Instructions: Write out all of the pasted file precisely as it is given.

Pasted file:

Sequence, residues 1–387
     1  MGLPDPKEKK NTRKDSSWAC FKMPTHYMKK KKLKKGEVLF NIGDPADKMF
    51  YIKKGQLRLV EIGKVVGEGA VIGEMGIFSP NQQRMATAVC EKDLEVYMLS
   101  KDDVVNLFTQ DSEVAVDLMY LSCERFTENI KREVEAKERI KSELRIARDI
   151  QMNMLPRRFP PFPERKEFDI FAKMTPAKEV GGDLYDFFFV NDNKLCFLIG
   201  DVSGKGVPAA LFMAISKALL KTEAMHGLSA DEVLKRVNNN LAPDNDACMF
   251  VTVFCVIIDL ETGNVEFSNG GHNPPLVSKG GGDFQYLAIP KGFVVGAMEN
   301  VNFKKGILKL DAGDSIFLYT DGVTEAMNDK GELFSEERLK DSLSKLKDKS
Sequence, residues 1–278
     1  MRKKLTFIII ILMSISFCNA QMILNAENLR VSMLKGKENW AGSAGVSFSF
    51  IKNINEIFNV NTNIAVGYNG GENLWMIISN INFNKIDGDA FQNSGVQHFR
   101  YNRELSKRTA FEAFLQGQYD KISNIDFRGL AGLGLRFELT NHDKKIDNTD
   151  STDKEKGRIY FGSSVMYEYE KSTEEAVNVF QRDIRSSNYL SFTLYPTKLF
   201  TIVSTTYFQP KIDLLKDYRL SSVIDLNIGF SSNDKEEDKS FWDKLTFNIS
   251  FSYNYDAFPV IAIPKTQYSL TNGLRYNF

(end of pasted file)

Sequence, residues 1–387
     1  MGLPDPKEKK NTRKDSSWAC FKMPTHYMKK KKLKKGEVLF NIGDPADKMF
    51  YIKKGQLRLV EIGKVVGEGA VIGEMGIFSP NQQRMATAVC EKDLEVYMLS
   101  KDDVVNLFTQ DSEVAVDLMY LSCERFTENI KREVEAKERI KSELRIARDI
   151  QMNMLPRRFP PFPERKEFDI FAKMTPAKEV GGDLYDFFFV NDNKLCFLIG
   201  DVSGKGVPAA LFMAISKALL KTEAMHGLSA DEVLKRVNNN LAPDNDACMF
   251  VTVFCVIIDL ETGNVEFSNG GHNPPLVSKG GGDFQYLAIP KGFVVGAMEN
   301  VNFKKGILKL DAGDSIFLYT DGVTEAMNDK GELFSEERLK DSLSKLKDKS
Sequence, residues 1–278
     1  MRKKLTFIII ILMSISFCNA QMILNAENLR VSMLKGKENW AGSAGVSFSF
    51  IKNINEIFNV NTNIAVGYNG GENLWMIISN INFNKIDGDA FQNSGVQHFR
   101  YNRELSKRTA FEAFLQGQYD KISNIDFRGL AGLGLRFELT NHDKKIDNTD
   151  STDKEKGRIY FGSSVMYEYE KSTEEAVNVF QRDIRSSNYL SFTLYPTKLF
   201  TIVSTTYFQP KIDLLKDYRL SSVIDLNIGF SSNDKEEDKS FWDKLTFNIS
   251  FSYNYDAFPV IAIPKTQYSL TNGLRYNF